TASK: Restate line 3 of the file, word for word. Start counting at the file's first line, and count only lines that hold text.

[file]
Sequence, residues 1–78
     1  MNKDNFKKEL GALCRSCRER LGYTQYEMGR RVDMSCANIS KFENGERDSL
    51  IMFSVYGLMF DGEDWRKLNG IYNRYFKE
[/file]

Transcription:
    51  IMFSVYGLMF DGEDWRKLNG IYNRYFKE